“...I’ve been thinking about Édouard Glissant and the space between - and using the body of water as this potential meeting place where you don’t have to consider notions of citizenship, you don’t have to consider the here(ness) or there(ness) of our identities…” - [P. Boswell, 2022]
    We ate Tamarind often at Grandma’s house in Streatham. Together, hours would pass watching TV and cracking shells of the sweet and sticky fruit. After her insistence on us keeping the jewel-like seeds, we would always find these black diamonds stacking in bottles and jars around her home.
    It was only last year that my Mum told me about her upbringing in Notting Hill, and how the road she grew up on was demolished but now is the site of a community garden. I thought of this in relation to my Grandma’s seed collection, as well as my Grandad’s journey to London. Before arriving in the UK, he worked as a logger and gold-prospector in Guyana – through these extractive occupations he was able to fund his journey to London and place his roots in Notting Hill. The similarities with these extractions both hold cyclical qualities in their afterlives – that being, of materials taken from the earth and returned, and of the self removed from native land while discovering cultural paths for reconnection. Although I’ve thought about this separately through my family’s journey, the space that Blackness has been held in relation to the earth, land, and object, has historically been told through a proximity to European settler colonialism and existing hegemonic structures.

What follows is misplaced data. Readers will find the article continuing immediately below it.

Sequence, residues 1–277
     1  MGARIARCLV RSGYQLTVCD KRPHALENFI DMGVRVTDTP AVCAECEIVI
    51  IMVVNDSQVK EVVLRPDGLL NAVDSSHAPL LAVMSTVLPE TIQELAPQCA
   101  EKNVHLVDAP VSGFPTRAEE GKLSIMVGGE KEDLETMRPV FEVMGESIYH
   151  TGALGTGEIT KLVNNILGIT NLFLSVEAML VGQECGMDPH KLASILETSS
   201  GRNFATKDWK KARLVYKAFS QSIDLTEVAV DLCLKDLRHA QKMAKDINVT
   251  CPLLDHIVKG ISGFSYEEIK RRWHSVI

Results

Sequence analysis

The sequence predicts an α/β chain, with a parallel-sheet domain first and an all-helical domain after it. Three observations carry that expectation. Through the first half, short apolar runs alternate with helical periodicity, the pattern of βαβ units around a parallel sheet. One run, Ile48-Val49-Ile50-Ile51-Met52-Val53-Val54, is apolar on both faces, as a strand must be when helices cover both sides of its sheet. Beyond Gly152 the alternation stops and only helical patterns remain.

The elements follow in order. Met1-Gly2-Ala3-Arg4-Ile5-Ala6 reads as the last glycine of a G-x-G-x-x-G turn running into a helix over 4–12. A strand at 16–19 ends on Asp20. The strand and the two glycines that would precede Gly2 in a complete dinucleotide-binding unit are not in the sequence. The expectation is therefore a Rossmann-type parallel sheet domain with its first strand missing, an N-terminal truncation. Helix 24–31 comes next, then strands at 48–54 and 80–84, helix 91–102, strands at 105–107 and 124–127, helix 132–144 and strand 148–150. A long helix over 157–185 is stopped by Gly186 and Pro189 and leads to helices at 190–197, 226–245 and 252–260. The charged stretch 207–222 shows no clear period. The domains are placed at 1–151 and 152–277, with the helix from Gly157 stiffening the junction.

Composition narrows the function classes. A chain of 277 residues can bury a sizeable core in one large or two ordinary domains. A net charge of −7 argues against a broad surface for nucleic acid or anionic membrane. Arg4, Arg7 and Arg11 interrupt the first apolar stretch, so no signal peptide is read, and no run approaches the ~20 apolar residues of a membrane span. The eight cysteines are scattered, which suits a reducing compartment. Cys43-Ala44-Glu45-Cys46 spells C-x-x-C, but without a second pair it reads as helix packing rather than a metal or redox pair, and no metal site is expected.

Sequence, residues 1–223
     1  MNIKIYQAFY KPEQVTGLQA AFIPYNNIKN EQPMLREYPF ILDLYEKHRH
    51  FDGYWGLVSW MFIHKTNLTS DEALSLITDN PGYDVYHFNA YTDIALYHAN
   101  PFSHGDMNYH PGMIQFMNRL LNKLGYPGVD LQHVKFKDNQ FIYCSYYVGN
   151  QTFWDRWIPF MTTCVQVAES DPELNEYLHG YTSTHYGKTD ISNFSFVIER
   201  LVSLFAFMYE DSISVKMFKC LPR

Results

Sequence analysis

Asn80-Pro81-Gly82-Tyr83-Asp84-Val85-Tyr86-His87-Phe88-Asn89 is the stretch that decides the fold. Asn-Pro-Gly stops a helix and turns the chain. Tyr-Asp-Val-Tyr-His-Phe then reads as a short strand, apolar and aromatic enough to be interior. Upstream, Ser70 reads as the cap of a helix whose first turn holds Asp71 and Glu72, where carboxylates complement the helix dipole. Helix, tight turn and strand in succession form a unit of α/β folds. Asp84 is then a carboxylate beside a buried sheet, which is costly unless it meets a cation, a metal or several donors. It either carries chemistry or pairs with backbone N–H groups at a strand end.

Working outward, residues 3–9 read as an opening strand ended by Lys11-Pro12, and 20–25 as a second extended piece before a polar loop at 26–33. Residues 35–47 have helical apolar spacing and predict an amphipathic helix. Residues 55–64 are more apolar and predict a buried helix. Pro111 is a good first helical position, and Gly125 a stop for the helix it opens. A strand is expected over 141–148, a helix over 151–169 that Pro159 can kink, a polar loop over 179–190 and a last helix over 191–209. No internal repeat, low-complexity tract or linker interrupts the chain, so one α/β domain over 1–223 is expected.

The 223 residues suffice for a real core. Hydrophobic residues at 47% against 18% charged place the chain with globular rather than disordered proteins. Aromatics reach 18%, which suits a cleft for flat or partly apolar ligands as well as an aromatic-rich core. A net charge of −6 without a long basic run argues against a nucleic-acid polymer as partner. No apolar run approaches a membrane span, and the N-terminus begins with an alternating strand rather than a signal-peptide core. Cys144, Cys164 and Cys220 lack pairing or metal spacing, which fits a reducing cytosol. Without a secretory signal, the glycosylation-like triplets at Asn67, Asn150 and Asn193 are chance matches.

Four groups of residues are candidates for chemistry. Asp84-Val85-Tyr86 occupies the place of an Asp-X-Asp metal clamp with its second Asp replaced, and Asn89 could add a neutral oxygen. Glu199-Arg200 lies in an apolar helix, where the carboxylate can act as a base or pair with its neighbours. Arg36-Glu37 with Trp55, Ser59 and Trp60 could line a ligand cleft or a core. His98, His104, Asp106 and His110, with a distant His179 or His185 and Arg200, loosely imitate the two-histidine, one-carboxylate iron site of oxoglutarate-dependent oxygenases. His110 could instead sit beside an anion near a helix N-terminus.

“The racial categorisation of Blackness shares its natality with mining the New World, as does the material impetus of colonialism in the first instance. This means that the idea of Blackness and the displacement and eradication of indigenous peoples get caught and defined in the ontological wake of geology” - [K. Yusoff, 2018]